3. Focus on the practical rather than the theoretical

Modeling revenues and operating expenses are the two areas where drivers are most applicable to forecasting. The causal relationships between the amount of activity, such as the number of sales enquiries, and its subsequent impact on revenue, are well understood and can be reliably measured. The same cannot be said of customer satisfaction or consumer sentiment. Many companies periodically measure customer satisfaction, but unless the results can be used to model how changes in levels of satisfaction directly impact customer retention and subsequently revenue, my view is that incorporating it as a driver in a forecasting model is pushing the envelope a tad too far. Incorporating sentiment analysis is even more problematic as there is very little data available about the demographics of those active in social media, and no way of knowing whether they are even part of your target audience.

4. Avoid unnecessary complexity

Given the differences between industries and business models, it is not surprising that there are no hard and fast rules on the number of drivers to use in forecasting models. Restricting the use of drivers to only those elements of revenue or expense that have a major impact on profitability will obviously make it easier to maintain models. But anyone concerned that they may be overwhelmed by the complexity should remember that often a single driver, such as the number of sales orders, impacts the workload and resourcing needed across a number of different departments, such as order processing, dispatch, and receivables.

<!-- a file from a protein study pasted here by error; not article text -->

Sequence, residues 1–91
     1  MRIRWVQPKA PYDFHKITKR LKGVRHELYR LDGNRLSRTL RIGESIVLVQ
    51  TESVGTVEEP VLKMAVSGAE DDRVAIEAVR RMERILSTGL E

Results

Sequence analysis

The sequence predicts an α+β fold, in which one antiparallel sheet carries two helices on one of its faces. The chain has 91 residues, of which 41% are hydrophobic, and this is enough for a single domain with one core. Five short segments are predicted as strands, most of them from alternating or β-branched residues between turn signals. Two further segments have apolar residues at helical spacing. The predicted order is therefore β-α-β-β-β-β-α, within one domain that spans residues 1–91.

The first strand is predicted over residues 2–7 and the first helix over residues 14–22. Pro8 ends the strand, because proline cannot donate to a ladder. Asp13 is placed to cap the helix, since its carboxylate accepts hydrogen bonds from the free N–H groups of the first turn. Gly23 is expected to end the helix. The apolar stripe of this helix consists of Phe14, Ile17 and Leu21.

5. Include the critical external drivers

Whenever you visit a site protected by security cameras, you can be sure that some of them will be monitoring what is happening well beyond the perimeter fence. Good forecasting models should do the same by incorporating quantified figures for market size and market growth, and perhaps even some of the higher order factors that directly impact them. For instance, a company marketing infant nutrition might track the number of babies born each month in order to quantify the size of the available market in the immediate future.

I’ve already mentioned that the lack of transparency into driver-based forecasting models has been an issue that has slowed their adoption. It is still a problem when forecasting models are built in spreadsheets, as the logic is hidden deep in individual cells. However, platforms such as Anaplan have taken a different approach by keeping rules in a central store so users working with the model and managers wanting to review a model can quickly find and understand all the underlying logic. In the most recent release, navigating around a model has been made even easier with the introduction of model maps.

These provide visual representations of the connections between different elements of the plan—for example, how a driver, such as workforce benefit percentages, connects to workforce expenses. I guess you could say they do the same job as a wiring diagram that shows how security cameras are networked together.